German saint names- two first names or a first and a middle name?

+12 votes
216 views
When working with German/German immigrant names, do the saint name and first name both go in the First Name field on WikiTree, or is the second name considered a middle name?  (The second name then definitely goes in the Preferred Name field since it was the one the person used in everyday life.)  For example, Johann George Marsh went by George.  But is George a middle name or part of his first name?  I tried to search the help files and couldn't find anything specifically for German names.
in Policy and Style by Lisa Hazard G2G6 Pilot (175k points)
retagged by Kylie Haese
I stick all the forenames in the first name field, the day-to-day usename in the preferred name field, and mark no middle name.
Thanks for asking a great question!
I understand your example. Johann George (Georg?) went by George.
When I have added profiles myself, I've followed Chris's example. Saint name as first name, second name as middle name and preferred name.
I don't think this question will get a perfect answer. There were a few people around that didn't like any of their names and called themselves something else.

4 Answers

+5 votes
 
Best answer
This is always a challenge in the German part of my tree... LOL!

For the most part, my ancestors that immigrated to the USA, I've typically seen the last part of the name used first.

For example, one of my ancestors was born in Germany as "Franz Gottlieb Schuler" and after Immigrating his name officially became "Gotlob Frank Schuler", but was also known as just "Frank Schuler".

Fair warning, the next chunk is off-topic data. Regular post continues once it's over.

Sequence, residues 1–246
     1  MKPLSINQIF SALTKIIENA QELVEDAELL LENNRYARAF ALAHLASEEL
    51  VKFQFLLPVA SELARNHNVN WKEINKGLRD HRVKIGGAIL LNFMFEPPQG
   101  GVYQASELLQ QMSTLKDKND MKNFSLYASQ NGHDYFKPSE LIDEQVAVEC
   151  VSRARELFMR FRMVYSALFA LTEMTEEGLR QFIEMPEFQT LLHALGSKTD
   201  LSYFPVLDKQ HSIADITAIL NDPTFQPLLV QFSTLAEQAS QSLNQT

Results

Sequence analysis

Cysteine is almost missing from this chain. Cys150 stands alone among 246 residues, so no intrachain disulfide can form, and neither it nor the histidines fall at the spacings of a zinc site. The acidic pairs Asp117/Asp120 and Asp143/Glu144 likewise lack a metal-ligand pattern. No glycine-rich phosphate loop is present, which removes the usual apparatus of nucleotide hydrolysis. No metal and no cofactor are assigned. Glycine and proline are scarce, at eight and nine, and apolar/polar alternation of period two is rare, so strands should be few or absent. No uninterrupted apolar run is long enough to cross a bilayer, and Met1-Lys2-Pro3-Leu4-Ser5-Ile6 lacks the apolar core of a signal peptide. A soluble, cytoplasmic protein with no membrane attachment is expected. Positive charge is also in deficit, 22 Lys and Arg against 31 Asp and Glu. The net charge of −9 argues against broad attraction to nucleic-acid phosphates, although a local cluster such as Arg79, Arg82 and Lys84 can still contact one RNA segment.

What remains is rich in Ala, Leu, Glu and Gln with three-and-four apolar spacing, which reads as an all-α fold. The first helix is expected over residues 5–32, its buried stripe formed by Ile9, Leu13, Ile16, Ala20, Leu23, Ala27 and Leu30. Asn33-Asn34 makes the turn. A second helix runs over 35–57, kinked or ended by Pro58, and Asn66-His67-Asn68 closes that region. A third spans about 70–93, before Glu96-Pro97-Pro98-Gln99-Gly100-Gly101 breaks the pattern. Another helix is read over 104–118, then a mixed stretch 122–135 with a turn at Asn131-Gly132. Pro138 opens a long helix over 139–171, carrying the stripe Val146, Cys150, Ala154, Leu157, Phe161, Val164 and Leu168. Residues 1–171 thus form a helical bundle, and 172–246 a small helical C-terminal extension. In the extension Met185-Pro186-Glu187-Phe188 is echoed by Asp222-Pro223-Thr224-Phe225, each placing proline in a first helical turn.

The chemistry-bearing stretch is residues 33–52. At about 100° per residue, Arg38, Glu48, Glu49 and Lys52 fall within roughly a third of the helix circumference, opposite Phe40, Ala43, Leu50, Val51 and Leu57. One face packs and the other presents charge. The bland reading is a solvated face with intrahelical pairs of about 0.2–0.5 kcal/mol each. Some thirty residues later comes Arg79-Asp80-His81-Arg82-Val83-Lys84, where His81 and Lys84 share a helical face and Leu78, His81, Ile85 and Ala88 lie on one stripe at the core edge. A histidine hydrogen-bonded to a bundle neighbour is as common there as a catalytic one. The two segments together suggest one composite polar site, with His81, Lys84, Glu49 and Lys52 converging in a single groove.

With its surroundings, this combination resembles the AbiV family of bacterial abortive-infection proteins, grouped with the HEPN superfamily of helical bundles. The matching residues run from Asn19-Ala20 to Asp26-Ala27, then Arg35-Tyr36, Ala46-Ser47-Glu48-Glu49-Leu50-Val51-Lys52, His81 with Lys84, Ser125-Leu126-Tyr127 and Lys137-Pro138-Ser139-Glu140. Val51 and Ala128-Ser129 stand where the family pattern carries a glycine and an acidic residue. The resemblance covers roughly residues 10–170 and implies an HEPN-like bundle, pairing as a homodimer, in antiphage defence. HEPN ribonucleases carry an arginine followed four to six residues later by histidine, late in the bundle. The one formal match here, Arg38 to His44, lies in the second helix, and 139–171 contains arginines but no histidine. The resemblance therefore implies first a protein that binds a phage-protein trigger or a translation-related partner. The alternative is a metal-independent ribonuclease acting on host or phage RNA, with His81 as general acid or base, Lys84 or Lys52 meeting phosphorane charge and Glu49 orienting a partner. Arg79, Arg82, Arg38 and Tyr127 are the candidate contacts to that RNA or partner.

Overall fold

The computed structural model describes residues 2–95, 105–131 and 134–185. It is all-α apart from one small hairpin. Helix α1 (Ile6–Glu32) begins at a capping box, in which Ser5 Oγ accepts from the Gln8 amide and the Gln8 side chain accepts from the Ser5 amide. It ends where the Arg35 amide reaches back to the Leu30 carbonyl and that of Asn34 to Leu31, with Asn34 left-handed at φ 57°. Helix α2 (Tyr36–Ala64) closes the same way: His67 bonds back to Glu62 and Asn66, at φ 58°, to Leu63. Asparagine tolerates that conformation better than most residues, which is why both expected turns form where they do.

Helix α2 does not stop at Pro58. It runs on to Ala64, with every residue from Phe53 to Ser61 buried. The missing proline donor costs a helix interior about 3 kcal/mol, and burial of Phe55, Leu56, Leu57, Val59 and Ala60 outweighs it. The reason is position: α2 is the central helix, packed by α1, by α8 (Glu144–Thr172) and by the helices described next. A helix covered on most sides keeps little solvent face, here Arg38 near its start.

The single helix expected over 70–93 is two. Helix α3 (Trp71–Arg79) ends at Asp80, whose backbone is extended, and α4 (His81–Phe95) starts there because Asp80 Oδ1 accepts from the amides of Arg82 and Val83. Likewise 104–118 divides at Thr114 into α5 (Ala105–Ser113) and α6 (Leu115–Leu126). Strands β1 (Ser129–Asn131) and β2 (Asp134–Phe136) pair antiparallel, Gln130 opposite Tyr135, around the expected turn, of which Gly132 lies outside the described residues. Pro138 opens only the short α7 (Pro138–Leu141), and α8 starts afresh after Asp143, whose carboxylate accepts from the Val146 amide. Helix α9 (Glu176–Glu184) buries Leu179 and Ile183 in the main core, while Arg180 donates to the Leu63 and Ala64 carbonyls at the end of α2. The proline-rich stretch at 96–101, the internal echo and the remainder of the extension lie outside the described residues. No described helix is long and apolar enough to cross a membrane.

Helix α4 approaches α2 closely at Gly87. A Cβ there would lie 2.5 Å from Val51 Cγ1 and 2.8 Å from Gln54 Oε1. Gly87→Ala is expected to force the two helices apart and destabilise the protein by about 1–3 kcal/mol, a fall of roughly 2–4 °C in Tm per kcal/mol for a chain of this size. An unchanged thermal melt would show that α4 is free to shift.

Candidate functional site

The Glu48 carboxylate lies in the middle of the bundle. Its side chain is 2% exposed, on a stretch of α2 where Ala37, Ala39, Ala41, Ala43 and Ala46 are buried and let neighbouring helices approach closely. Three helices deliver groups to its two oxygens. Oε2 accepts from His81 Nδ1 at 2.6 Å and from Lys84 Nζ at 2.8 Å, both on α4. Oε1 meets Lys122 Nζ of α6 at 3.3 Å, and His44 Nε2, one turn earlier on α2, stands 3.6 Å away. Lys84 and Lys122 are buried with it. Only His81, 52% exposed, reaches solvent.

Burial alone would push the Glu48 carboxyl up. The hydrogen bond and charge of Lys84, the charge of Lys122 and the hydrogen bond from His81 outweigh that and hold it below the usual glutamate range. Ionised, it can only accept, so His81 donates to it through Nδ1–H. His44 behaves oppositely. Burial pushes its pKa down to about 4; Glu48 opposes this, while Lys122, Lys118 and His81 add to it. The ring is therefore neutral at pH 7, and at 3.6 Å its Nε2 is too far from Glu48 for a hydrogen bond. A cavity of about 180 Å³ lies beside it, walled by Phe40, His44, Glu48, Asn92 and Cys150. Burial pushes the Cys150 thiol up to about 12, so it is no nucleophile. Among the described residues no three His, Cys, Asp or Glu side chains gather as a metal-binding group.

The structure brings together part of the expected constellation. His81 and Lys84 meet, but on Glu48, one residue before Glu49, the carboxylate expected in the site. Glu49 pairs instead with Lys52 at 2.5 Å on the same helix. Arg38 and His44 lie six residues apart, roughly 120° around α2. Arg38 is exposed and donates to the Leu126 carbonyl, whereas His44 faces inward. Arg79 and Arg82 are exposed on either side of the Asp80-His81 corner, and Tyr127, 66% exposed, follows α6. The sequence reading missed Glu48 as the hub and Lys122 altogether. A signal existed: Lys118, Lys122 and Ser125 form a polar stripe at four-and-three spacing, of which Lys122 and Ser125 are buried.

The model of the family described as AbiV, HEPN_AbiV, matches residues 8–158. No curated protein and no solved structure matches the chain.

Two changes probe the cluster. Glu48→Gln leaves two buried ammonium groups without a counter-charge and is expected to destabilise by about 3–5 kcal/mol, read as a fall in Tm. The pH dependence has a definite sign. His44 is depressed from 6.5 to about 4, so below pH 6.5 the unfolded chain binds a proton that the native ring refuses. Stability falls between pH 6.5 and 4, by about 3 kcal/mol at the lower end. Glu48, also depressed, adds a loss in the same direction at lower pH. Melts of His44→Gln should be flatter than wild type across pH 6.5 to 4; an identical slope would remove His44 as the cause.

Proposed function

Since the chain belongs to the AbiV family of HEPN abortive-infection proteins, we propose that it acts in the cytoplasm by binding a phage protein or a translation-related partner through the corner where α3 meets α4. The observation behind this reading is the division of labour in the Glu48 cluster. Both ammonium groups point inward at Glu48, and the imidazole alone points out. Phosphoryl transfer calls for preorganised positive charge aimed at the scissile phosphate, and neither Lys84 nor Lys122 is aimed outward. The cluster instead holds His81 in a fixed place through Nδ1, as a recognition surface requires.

Then there's "Friedrich Karl Johann Eduard Schuler" that immigrated to the USA and was known as "Edward Carl Schuler", but was also known as just "Carl Schuler".

I've seen this type of German renaming done about 80% +/- of the time, but not all of the time.

There wasn't any set of rules regarding this situation and I guess it depends upon the individual who's processing the American paperwork as to what they feel is the easiest way for naming them coming into the USA.

I hope I was able to explain this okay via text.

~Brian Kerr
by Anonymous Kerr G2G6 Pilot (308k points)
selected by Anonymous Kerr
Name variations should be documented in the biography and also in the Other Nicknames data field.

Use commas to separate the different names in Other Nicknames.
+4 votes
I've been putting saint name in first name, and second name in middle names and preferred name. That doesn't means it's correct, though.
by Chris Willoughby G2G4 (4.5k points)
Not only is that approach inconsistent with German conventions, but it does not work out well from a practical perspective. When the boys in a family were baptized as Johann Adam, Johann Peter, Johann Heinrich, etc., and you put "Johann" in the proper first name field, some Wikitree data displays will show all of the brothers as "Johann."
By the same token, WikiTree will flag an error when there is more than one name in the First Name field. But it does not give an error if there are multiple "Middle Names".

WikiTree needs some updating when it comes to names in different cultures, and when to treat something as an error or not.
For Dutch profiles, there is now an error message if the profile has an entry in the middle name field.
My approach was based, as Eric points out, on the error produced if you have more than one name in the first name field.

That error message is intended to alert people to the possibility that they accidentally entered both a first name and a middle name in the first name field. Goodness knows that I have done that more than a few times! blush

Unfortunately, that message does impart the mistaken impression that WikiTree has some sort of policy against putting more than one name in the first name field. That is not the case -- the message is there to help us, not to chastise us. For those of us who often deal with people who should have more than one name entered in the first name field, there is now an option on our personal settings page to turn off that message. At the very bottom of the page, under Miscellaneous Settings, you will find a checkbox to Disable Middle Name Warning for First Name fields.